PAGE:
A Probabilistic Analysis of Resilient Reconfigurable Designs
Paper in proceedings, 2014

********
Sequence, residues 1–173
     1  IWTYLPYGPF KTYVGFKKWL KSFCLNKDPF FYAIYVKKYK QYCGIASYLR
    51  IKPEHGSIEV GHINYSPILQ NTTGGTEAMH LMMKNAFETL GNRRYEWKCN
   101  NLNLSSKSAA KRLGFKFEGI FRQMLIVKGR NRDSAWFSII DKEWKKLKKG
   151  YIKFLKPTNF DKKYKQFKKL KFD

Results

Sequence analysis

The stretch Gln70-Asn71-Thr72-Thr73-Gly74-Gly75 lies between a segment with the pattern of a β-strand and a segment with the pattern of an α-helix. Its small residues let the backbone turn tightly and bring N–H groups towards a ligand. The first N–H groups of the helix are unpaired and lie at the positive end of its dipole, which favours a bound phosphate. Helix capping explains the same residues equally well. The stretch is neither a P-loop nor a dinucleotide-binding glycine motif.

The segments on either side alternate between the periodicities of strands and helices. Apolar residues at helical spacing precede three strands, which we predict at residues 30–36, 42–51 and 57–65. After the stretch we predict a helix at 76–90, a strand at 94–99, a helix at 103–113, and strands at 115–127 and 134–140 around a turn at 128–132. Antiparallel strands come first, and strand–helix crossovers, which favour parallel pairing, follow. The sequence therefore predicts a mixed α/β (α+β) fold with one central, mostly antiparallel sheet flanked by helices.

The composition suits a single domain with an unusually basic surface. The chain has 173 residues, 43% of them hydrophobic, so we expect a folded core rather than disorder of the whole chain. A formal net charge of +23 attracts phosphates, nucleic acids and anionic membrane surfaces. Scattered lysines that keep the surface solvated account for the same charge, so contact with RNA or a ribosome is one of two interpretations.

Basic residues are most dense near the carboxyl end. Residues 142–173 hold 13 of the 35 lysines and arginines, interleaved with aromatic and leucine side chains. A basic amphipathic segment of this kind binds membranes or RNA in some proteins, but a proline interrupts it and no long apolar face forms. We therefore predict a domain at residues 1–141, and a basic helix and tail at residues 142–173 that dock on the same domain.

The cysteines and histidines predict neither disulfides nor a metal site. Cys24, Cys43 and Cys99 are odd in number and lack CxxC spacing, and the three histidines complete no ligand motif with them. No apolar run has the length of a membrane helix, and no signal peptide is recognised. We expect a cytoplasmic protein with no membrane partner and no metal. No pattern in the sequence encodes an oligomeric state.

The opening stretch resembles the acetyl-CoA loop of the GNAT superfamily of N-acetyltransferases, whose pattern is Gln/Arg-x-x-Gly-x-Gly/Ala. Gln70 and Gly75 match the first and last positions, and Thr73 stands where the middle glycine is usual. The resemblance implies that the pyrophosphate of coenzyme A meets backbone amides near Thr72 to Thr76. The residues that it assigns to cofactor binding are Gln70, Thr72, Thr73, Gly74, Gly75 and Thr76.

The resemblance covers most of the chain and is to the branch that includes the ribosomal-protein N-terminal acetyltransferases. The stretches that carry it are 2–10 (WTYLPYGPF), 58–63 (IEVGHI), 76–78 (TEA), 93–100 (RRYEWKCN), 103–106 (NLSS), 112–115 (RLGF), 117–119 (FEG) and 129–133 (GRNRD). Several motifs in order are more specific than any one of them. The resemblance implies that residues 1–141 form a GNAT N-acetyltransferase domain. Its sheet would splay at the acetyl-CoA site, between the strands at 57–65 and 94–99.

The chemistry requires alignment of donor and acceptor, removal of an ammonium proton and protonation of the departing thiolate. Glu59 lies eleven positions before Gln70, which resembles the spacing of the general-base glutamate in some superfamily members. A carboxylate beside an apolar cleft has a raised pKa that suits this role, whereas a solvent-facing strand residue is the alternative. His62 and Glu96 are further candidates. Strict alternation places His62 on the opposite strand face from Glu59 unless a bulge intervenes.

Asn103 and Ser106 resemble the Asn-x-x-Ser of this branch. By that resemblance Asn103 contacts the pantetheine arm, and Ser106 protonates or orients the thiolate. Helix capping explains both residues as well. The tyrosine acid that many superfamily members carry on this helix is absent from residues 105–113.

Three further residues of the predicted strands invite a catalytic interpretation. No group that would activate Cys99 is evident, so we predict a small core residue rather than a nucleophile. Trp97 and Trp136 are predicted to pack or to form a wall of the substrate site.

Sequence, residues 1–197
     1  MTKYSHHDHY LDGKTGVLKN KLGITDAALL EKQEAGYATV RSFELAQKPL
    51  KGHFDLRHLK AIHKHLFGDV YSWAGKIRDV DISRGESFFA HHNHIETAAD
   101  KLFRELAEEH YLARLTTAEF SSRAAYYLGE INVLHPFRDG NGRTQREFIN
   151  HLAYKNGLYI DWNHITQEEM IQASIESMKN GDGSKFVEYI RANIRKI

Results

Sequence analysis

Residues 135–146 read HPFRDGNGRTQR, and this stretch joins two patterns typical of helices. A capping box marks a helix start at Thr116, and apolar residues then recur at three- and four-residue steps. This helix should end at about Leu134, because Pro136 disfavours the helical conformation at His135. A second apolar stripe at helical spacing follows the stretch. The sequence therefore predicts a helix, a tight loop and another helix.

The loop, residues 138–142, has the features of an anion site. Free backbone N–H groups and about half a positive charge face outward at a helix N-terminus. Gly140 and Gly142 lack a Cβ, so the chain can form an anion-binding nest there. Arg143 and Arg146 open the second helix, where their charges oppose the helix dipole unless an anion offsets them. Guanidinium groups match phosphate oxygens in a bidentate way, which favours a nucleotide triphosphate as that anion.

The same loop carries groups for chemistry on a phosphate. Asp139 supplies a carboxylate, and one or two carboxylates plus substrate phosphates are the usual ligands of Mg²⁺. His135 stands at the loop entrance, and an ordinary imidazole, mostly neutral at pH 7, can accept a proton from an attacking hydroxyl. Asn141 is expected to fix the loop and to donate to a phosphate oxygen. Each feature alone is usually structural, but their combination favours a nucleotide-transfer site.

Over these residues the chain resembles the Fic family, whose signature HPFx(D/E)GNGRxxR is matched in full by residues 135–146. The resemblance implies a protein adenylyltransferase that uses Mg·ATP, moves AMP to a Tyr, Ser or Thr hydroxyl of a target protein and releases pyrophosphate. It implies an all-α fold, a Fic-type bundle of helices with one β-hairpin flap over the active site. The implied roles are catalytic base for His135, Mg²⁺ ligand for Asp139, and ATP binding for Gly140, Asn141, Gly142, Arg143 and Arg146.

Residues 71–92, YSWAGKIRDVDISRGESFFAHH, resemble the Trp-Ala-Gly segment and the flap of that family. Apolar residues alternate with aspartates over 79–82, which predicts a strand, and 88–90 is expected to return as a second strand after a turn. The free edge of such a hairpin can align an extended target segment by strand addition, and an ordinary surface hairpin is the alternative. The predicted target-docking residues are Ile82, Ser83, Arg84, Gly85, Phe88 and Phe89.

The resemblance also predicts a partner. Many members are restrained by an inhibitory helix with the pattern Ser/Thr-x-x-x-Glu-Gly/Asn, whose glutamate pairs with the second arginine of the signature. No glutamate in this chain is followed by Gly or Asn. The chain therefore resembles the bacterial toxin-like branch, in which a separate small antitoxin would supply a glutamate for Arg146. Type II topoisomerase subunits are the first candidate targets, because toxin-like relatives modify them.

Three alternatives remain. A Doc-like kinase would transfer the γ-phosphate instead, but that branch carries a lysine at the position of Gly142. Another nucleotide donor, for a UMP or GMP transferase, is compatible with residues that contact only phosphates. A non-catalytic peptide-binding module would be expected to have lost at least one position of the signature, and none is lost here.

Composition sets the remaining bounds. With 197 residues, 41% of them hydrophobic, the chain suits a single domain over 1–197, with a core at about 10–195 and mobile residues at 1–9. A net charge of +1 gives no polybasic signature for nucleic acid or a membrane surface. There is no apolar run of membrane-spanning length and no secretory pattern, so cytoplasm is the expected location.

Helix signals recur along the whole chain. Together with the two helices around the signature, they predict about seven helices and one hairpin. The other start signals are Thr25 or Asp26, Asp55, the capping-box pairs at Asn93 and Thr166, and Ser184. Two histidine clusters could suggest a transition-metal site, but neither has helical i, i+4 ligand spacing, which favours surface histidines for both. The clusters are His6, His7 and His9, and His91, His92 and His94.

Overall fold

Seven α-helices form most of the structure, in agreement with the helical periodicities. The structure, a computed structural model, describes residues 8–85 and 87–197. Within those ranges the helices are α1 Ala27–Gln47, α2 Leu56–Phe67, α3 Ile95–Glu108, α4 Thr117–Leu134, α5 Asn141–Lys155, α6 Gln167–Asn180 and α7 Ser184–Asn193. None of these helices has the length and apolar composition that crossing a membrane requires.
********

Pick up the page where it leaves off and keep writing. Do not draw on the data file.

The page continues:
Reconfigurable hardware can be employed to tolerate permanent faults. Hardware components comprising a System-on-Chip can be partitioned into a handful of substitutable units interconnected with reconfigurable wires to allow isolation and replacement of faulty parts. This paper offers a probabilistic analysis of reconfigurable designs estimating for different fault densities the average number of fault-free components that can be constructed as well as the probability to guarantee a particular availability of components. Considering the area overheads of reconfigurability, we evaluate the resilience of various reconfigurable designs with different granularities. Based on this analysis, we conduct a comprehensive design-space exploration to identify the granularity mixes that maximize the fault-tolerance of a system. Our findings reveal that mixing fine-grain logic with a coarse-grain sparing approach tolerates up to 3x more permanent faults than component redundancy and 2x more than any other purely coarse-grain solution. Component redundancy is preferable at low fault densities, while coarse-grain and mixedgrain reconfigurability maximize availability at medium and high fault densities, respectively.